The 2020 Presidential Election is the opportunity for the young people we work with to gain another critical life skill – participating in our democracy. The Storycatchers Changing Voices ensemble is gearing up to be the newest generation of voters. Voting for the first time can be daunting, so this year we’re taking the lead on all things ‘civic engagement,’ starting with workshops to discuss key issues and collimating with a group community service and voting day on October 29.

It’s been an exciting time preparing young voters, and there is absolutely no reason to keep our poll preparation processes a secret.

Here are our 6 tips for preparing a young first-time voter for success:

1. Answer the prompt – what voting issues are most important?  

By writing out policy concerns young people have for themselves and their community, you’re creating a map to help guide them to candidates who have their best interests in mind. Here’s how we used a board to track key issues and goals from our voting themed call with the Changing Voices ensemble. 


Voting Issue Notepad for preparing young first-time voters

2. Overcome an overwhelming judge retention list

For the young people we work with, a judge with clear biases or a tough sentencing record can make or break their futureResources like the Injustice Watch and the site for judicial evaluation information helped the Changing Voices ensemble members report on judges who require extra research, and they’re helpful for navigating the incredibly long list of judges on this year’s ballot. 

3. Have them phone a friend!  

The Changing Voices program staff schedules one-on-one meetings with each ensemble member to make sure they don’t have any outstanding questions about the voting process, and to complete a sample ballot. You can complete your own sample ballot to take to the polls or to use as a guide for the time you dedicate to completing your mail-in ballot.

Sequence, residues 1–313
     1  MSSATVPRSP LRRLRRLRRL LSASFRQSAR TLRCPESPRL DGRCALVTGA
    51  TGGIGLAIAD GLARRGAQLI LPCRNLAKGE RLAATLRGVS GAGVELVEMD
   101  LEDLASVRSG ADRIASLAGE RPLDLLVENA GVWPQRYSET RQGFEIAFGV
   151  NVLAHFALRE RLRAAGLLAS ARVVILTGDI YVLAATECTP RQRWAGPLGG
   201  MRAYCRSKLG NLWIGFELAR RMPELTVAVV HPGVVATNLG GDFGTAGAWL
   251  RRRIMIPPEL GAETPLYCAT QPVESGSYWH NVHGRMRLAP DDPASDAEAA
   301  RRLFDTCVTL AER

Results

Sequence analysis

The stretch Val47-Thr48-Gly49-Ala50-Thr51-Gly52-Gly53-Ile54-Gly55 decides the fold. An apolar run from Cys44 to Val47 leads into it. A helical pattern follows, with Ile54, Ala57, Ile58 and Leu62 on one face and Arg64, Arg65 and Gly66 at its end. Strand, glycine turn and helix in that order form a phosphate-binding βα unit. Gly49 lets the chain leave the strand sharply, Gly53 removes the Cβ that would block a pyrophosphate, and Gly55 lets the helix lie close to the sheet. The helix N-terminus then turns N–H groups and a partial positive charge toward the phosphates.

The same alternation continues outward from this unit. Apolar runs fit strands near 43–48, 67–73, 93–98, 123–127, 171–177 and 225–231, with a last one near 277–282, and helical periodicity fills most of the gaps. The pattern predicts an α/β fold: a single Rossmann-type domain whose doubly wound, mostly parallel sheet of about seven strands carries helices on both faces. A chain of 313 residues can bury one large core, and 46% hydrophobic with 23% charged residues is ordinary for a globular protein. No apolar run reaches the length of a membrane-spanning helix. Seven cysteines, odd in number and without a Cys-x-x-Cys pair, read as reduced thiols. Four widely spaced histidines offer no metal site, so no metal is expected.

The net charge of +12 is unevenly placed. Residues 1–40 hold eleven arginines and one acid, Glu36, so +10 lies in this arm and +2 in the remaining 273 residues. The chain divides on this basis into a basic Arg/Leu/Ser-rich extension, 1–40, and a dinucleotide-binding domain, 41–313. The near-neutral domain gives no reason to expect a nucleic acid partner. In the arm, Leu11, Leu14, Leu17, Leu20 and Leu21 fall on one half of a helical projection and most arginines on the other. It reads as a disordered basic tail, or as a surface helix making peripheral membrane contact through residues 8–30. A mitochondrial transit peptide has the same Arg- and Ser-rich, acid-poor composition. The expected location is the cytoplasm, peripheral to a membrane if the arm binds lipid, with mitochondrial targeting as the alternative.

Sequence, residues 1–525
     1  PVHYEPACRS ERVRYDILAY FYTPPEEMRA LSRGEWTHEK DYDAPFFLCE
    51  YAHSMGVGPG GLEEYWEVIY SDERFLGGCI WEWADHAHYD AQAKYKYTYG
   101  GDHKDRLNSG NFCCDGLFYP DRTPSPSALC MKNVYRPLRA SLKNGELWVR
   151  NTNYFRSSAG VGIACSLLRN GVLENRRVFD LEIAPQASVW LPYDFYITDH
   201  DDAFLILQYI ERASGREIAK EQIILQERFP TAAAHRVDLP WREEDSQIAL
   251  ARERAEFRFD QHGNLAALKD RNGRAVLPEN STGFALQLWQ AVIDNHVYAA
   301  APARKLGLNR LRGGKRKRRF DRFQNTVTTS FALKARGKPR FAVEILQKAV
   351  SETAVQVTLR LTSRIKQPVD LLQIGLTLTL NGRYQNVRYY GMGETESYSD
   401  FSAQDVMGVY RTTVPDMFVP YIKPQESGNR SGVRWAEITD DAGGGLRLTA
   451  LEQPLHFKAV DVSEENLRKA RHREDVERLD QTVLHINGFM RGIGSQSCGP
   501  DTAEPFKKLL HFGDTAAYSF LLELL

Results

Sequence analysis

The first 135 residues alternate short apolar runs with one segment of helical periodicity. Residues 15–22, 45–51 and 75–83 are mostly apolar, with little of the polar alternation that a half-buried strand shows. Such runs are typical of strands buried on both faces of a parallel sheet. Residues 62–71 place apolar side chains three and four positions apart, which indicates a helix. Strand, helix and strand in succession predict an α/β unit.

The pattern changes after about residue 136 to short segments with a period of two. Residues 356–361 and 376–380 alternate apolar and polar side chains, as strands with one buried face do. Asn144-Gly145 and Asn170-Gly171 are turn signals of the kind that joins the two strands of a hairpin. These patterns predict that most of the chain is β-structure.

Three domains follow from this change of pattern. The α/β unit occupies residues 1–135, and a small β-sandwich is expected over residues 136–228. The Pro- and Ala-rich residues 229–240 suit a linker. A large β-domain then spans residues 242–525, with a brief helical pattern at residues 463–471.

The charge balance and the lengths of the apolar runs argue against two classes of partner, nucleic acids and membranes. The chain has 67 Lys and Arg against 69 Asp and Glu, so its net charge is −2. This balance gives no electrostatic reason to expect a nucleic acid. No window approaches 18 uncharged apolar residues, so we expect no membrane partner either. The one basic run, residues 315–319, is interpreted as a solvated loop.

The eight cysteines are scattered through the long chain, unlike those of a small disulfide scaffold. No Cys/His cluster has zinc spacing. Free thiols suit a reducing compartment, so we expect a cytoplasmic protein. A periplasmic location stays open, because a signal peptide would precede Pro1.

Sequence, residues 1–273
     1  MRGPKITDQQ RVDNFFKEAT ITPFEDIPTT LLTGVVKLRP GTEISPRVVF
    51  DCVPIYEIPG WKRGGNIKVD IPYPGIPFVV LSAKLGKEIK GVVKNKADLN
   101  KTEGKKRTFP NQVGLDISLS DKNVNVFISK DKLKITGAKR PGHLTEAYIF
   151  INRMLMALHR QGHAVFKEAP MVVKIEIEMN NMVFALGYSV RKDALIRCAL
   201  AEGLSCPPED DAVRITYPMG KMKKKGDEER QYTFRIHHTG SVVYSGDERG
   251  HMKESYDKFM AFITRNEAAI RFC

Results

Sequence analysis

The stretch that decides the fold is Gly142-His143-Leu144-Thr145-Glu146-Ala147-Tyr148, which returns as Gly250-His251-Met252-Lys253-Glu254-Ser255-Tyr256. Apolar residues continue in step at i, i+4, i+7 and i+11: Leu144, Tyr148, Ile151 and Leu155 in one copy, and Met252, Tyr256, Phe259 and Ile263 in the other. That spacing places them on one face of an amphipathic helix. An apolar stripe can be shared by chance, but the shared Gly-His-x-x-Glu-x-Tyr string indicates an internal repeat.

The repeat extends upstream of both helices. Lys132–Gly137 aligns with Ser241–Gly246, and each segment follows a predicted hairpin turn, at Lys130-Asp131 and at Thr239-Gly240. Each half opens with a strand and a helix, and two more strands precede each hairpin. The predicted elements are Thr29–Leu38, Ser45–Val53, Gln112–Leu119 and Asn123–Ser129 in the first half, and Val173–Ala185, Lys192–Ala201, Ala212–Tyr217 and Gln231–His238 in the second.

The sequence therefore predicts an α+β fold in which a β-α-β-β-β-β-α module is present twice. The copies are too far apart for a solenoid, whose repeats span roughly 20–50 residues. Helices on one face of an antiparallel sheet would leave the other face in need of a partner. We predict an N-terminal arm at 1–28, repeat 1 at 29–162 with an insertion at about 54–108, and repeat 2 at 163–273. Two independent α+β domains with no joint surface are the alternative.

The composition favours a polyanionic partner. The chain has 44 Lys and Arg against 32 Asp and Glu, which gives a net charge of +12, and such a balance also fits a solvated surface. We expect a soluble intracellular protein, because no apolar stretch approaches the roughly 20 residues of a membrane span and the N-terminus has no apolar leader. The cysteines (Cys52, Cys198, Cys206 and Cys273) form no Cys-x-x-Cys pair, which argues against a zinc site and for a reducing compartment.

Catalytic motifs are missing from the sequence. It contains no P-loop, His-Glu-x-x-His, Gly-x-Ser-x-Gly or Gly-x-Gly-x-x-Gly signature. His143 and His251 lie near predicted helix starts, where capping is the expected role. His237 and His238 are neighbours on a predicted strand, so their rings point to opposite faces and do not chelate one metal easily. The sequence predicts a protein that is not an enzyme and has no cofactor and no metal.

4. Look beyond social media for election information.  

We have incredibly enthusiastic young people voting this year. That being said, sometimes their enthusiasm has been stoked by social media alone. When we ran our key issues discussion, we talked about where folks are getting information and how to check your skills at identifying misleading news shared online. Did you pass the quiz? We’re also circulating this quick video can help you continue deciphering what’s what when it comes to election updates. 

5. Never vote on an empty stomach!  

In Chicago, you can compare a map of the polling places with a map of the city’s Black-owned restaurantsWe did this for our upcoming voting day with the ensemble. It’s important to remember that every day you can also ‘vote’ with your dollar to help your community. 

6. Have an in-person voting plan. 

When preparing our day of civic engagement – including a community service project before taking to the polls – we looked at the facts: voting lines are long in many parts of the city and some polling places have better support than others. So, what did we do about this? We called Board of Election Commissioners to get updates on our polling place options. 



It’s a beautiful thing when you see democracy working the way it’s supposed to. But that requires your action in it – it’s not a sit-by sport, it requires some activity. So, as long as we remain active in it, it works. It’s not perfect, but as long as we start by doing this part (educating ourselves on the nominees and initiatives on the ballot), we can start to build towards what we really want our democracy to look like. – Cristina Williams, Changing Voices Program Manager